“You have to understand…Zechariah had prayed for long without response and I had ceased my monthly flow – and truly there is no excuse for doubting G-d – it’s just sometimes easier to do that than to believe the impossible. G-d gave women greater binah, yes, but don’t ever look down upon you husband because of it. It does not make them weaker; on the contrary, they are stronger for it because they must seek and be in G-d-s presence more.”
She sighs once again and drops back into her chair.
“Zechariah asked the malakh how he would know this, since he was an old man and I was beyond my child-bearing years. This tall, luminescent man said, I am Gabriel, who stands in the presence of G-d; I have been sent to speak to you, and give you this good news. But because you would not believe me, you will be mute and deaf until the day these things happen. And that’s what occurred.
“Well, you can imagine the people waiting for Zechariah became worried. Were they actually going to have to pull him out? Had he committed some egregiousness sin?” – Elizabeth chuckles -“You know how people are – always in need of something to talk about, and Zechariah gave them that when he came out unable to speak or hear. Some said he had seen a miracle but others simply chose to believe he had gone senile.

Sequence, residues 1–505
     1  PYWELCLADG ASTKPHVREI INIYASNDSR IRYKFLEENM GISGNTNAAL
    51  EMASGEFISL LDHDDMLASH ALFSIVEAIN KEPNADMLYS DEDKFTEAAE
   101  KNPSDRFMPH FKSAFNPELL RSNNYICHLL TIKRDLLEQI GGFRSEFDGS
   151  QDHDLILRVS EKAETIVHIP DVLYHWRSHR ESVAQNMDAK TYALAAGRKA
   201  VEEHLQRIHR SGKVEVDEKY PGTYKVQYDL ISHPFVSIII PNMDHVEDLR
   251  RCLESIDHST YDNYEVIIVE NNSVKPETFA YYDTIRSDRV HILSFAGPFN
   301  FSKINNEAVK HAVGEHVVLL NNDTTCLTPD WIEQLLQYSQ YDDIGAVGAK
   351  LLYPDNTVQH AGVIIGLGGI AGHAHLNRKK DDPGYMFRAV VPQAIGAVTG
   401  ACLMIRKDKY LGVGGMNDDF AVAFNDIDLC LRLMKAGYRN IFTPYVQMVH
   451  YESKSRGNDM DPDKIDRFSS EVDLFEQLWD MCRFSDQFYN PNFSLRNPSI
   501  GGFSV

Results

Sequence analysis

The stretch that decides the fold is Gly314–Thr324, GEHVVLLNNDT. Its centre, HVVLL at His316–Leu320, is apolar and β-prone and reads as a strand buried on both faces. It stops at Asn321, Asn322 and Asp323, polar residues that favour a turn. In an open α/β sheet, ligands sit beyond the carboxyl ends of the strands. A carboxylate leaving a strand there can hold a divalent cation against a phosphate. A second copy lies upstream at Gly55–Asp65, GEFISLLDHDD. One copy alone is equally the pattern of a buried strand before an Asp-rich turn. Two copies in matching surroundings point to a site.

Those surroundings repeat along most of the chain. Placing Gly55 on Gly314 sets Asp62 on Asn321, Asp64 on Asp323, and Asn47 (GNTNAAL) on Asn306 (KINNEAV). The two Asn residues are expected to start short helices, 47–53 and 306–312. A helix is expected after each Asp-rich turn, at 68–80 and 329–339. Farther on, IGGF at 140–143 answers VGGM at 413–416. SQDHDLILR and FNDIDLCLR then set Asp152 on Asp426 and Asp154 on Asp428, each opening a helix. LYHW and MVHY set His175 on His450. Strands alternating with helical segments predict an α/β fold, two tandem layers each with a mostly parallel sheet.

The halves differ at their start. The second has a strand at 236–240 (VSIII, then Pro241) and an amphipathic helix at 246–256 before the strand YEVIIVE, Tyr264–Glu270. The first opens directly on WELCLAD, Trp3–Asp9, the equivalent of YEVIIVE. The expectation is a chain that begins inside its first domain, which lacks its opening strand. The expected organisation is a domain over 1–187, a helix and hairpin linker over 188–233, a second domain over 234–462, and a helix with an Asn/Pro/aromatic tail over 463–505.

“He finished up his week and came home. He could not tell me what happened but he wrote down what he could and left the rest to G-d. I won’t say I believed him whole-hearted, but I wanted to. I wanted everything he said and I set my heart to it. And when I found out I was with child, it was the happiest moment of my life. Of our lives.”
“Why then did you not say something?” Mary interrupts.
“What did your mother say when you told her?”
Mary doesn’t respond, her face betraying the turmoil of emotion inside her. She doesn’t want to hurt her feeling, but Elizabeth knows – thirty years she was called barren, especially by the ones she loved.
“She didn’t believe you, right?” she offers.
Mary nods, sadly.
“It’s alright. I don’t begrudge her, but sometimes we have to shut out the gossipers and naysayers and let our faith overtake us. This is not a season for doubt – not for me, you or anyone. G-d is doing a mighty work here through us and if I have to stay home until I am showing so that others may believe, then so be it. Does that make sense?”
“Good,” Elizabeth states, patting her niece’s hand. “I’ve told you enough stories for now. Finish eating.”
Mary dutifully obeys.
*From Exodus 28: 31-35, the priest was the wear the blue ephod robe and a rope around his waist when he entered the Holy of Holies, where G-d was said to be enthroned. The robe contained bells at the hem, so that the people outside, who were not permitted to enter the Holy of Holies, could hear the priest moving about, fulfilling his duties. If G-d was not pleased with the priest and killed him, then the bells stopped and the people knew to pull his body out.